To be fair, there are a couple of places during the film where it is suggested that evolution and religion are not necessarily incompatible, but it is given only a passing nod and a wink. I would have preferred to see that particular matter addressed more directly.
When one sets up the debate as either/or, then certain questions that need to be asked don't get asked; and those are the questions that need to be raised if this discussion is to move forward in a significant way.
Allan, being that I recently published a book entitled Worshiping with Charles Darwin, I'm in agreement with your assessment. I think it works to the advantage of both ends of the spectrum to leave out the middle. For the agnostic/atheist they can give as a reason that to be a Christian is to reject science. For the other side, they can claim to be the Christian position. Very binary, of course. Polkinghorne would just muddy up the waters!!
I've thought for a long time that there were plenty of reasons to question Darwin without resorting to religion. Michael Behe's books, "Darwin's Black Box" and "The Edge of Evolution" are good examples. There are others. Much of the reaction they get from evolutionists, religious or not, (I've read quite a bit of it) strikes me quite unfair and defensive. Personally, I have no problem with those who believe evolution is compatible with Christianity. But those who try to question Darwinism on a scientific basis aren't tolerated very well. Darwinism is sacred. Those who object to it, must be seen do so on religious grounds because religion is easily marginalized. It's fine to have religious beliefs as long as they also accept evolution. There's more than one way to exclude the middle. There's more than one middle to exclude.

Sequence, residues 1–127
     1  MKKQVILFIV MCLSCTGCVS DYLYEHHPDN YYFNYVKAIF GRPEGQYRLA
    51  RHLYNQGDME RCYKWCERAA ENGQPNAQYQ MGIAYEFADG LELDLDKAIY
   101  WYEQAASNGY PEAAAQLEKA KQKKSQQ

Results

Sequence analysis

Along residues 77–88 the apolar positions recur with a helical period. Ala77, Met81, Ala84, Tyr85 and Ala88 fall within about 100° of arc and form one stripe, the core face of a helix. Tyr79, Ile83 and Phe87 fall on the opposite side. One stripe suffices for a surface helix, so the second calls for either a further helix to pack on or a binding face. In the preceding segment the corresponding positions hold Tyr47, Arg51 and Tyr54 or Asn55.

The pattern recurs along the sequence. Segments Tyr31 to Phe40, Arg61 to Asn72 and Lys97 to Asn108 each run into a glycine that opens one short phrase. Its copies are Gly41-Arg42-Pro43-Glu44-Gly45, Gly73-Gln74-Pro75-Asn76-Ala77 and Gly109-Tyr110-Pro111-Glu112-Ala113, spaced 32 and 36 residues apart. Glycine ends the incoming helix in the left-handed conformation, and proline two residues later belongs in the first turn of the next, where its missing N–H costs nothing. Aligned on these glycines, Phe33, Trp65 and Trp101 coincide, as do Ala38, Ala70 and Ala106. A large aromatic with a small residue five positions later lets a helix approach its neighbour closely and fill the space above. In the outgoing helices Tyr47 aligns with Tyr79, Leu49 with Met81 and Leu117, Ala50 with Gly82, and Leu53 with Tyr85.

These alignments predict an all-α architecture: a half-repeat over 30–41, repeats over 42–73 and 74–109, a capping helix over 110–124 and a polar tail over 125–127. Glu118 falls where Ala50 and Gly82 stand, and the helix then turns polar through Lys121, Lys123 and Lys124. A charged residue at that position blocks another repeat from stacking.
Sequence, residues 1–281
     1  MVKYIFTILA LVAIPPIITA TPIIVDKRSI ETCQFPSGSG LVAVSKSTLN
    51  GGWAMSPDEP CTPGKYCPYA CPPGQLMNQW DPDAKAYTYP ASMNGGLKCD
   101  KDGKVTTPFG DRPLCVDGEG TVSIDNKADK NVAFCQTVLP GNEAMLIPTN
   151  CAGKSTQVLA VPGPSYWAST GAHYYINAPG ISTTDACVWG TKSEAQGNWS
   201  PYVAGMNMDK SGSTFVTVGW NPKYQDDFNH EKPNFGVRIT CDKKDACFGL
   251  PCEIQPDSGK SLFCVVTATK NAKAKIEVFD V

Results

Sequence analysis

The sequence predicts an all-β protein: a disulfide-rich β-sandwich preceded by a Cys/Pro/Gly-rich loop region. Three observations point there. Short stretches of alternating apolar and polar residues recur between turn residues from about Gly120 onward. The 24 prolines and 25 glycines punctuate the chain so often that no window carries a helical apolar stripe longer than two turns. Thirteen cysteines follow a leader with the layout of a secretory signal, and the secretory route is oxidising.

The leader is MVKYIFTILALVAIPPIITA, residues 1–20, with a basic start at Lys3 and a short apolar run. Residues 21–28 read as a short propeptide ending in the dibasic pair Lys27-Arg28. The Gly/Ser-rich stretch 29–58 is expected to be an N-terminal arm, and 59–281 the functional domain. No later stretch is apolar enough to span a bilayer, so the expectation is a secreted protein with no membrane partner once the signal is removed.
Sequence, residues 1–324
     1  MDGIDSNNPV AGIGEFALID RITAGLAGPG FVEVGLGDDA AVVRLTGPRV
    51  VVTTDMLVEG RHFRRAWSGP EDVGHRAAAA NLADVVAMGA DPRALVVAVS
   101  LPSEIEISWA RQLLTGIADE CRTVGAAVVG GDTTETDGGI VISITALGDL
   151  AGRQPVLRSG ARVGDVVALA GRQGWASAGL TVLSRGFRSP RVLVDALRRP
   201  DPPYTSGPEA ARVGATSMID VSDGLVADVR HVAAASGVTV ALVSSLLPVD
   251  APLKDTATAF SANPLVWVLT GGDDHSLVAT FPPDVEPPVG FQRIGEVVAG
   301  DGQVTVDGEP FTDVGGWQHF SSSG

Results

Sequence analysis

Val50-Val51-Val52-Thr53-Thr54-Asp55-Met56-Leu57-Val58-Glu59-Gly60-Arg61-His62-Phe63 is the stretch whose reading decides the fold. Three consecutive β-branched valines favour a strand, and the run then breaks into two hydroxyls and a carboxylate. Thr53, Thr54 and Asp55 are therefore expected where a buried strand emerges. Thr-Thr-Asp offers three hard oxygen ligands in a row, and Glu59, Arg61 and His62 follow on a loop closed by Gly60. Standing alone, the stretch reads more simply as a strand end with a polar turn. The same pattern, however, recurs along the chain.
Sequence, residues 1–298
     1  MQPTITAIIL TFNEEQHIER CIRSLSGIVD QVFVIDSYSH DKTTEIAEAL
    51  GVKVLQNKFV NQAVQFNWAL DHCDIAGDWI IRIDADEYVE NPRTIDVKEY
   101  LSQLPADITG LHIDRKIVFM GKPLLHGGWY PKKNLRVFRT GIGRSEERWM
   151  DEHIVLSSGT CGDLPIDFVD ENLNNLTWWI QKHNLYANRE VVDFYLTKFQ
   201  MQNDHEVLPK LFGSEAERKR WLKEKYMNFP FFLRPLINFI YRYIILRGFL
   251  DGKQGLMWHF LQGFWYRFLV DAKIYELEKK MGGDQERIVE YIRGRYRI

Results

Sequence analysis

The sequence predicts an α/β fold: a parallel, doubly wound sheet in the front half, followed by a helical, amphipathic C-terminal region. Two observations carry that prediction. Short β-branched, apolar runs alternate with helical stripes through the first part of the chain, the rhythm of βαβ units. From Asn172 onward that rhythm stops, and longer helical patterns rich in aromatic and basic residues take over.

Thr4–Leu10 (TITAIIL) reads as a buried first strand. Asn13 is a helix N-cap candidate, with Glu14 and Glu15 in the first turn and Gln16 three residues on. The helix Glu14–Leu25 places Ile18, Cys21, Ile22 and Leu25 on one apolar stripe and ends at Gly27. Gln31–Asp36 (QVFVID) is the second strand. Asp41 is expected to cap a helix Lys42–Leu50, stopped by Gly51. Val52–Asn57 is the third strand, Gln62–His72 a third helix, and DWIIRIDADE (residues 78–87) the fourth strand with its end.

I disagree that those Christians who reject evolution represent a middle. I am no scientist, but I think what is often left out in this discussion is how interconnected the scientific disciplines are and how that inter-connectedness clearly points to evolutionary design.
I would also say from a hermeneutical perspective is that creationists have made their particular hermenutic as the authority replacing the Scripture itself. Creationists ignore the complex and diverse views of how to read Genesis 1 and 2, for example, which have been chronicled in 2000 years of church history. The history will not allow the conclusion that the church basically read Genesis literally until Darwin. There was much debate indeed.
I think there is a valid distinction between Creationism and what's called Intelligent Design. I wouldn't lump them together as so many are wont to do. Some of the ID people may be closet creationists but there's no reason that all of them must be. So I disagree with your first paragraph, citing Behe's books as a strong dissent from the field of microbiology. I agree completely with your second paragraph. I think maybe that puts me in the excluded "middle."